The Government expects its $339 million first year fee-free tertiary education policy will see an additional 2000 people enter into study or training next year.
In other words, it expects the number of students enrolled in full time equivalent courses at universities, polytechs or other industry training courses, to increase by 3% in 2018.
The Government has committed to providing fee-free tertiary education from January 1 to anyone who has done less than six months full time tertiary education or training.
It aims to extend the policy to two years’ free in 2021, and three years’ free in 2024.
Education Minister Chris Hipkins says: “We expect the policy to halt, and over time reverse the current trend of fewer people going into post-school training and education.”
Ministry figures show the number of people in formal tertiary education has declined from 488,265 in 2006 to 429,490 in 2011 and 415,870 in 2016.
While the number of international students has increased by 46% since 2006 to 62,570, the number of domestic students has dropped by 21% to 353,300.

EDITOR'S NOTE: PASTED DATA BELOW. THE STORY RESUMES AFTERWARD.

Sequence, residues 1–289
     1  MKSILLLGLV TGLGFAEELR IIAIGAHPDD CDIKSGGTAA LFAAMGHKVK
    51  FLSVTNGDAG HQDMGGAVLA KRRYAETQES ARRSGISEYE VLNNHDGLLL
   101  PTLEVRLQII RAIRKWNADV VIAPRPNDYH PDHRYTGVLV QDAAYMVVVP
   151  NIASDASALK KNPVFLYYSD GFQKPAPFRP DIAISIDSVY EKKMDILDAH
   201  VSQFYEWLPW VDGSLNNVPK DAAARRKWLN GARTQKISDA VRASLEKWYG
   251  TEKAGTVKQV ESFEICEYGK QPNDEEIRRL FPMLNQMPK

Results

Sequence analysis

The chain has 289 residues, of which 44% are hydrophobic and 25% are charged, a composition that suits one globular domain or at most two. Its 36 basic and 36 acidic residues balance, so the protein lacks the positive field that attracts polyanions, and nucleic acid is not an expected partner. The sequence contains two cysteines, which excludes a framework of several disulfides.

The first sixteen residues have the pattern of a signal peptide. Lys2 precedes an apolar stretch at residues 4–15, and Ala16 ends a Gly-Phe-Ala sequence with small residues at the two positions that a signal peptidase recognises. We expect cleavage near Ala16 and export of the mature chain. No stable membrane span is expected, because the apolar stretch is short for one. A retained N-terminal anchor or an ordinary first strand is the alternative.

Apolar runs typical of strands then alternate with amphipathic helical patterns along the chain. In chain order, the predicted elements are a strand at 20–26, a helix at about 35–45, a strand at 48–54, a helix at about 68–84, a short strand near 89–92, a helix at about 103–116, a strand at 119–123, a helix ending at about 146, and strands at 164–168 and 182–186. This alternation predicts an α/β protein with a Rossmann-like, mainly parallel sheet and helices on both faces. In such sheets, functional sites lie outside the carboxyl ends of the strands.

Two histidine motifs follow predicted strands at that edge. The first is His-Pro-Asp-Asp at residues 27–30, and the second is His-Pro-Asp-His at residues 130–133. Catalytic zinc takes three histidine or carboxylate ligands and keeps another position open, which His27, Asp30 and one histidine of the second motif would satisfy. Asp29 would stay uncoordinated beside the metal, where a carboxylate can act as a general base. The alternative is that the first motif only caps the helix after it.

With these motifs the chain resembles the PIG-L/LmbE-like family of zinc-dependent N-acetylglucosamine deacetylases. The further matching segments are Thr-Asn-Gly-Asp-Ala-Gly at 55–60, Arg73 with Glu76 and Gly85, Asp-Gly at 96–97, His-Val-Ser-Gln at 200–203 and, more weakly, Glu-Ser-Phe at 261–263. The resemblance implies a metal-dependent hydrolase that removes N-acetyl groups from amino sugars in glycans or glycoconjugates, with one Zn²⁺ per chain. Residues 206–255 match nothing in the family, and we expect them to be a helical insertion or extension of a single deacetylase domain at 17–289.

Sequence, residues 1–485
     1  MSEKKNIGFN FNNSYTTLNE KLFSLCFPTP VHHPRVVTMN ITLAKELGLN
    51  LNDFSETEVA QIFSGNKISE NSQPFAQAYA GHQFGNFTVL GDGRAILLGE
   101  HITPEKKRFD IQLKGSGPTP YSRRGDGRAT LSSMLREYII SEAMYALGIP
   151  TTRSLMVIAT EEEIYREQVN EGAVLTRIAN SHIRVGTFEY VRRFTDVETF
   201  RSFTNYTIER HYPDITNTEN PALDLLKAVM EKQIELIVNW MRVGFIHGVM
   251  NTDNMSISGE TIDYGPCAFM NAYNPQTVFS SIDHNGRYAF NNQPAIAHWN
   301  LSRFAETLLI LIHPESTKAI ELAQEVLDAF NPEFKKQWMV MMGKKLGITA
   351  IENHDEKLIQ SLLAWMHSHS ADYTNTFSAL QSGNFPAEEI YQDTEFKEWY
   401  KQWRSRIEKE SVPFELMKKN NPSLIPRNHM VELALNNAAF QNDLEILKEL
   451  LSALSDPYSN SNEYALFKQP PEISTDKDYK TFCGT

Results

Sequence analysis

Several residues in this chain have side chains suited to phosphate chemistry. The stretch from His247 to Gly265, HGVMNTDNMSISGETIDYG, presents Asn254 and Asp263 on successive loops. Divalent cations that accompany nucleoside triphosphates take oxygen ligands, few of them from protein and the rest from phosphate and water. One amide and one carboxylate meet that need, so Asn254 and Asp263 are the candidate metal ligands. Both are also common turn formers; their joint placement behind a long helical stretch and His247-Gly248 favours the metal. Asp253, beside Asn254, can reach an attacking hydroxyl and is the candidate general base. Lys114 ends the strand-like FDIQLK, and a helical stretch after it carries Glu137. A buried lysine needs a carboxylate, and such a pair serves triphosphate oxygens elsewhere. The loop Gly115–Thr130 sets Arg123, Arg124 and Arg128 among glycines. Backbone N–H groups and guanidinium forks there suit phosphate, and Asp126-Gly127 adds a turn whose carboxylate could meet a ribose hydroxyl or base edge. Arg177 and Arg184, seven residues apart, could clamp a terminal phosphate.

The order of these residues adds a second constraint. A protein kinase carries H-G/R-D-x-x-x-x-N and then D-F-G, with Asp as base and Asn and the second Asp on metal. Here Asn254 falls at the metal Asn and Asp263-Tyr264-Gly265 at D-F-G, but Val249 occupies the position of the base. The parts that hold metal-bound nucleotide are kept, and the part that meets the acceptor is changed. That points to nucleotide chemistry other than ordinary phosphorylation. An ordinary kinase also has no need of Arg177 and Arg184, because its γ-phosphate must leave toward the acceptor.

A Cabinet paper reveals the Government expects to spend $339 million on fee payments in the 2017/18 financial year, followed by $391 million in 2018/19 year, and $426 million in 2019/20.
Taking its policy to increase weekly student allowances and student loan living cost limits by $50 into consideration, it expects to spend $380 million in 2017/18, $524 million in 2018/19 and $593 million in 2019/20.
National's Tertiary Education Spokesperson, Paul Goldsmith, says Labour's policy has "confirmed a return to the bad old Labour days of funding international hip hop study tours and family reunions".
He points out that even though the Government has justified the spending by saying it wants greater participation in tertiary education, its own estimates confirm the policy won't encourage many more people to enrol in study or training.
“New Zealand’s tertiary education system is already heavily subsidised and the average student loan is paid off in less than seven years," Goldsmith says.
“The policy represents a colossal missed opportunity and grossly untargeted spending. Surely it would be better to invest public money into targeting the very small group for whom cost is a barrier?
“And with all the money being sucked into supporting every full-time student in their first year, it leaves nothing to invest in the tertiary institutions themselves so that they can deliver world-class education..."
See this site for more information about the eligibility and implementation of the fee-free offering.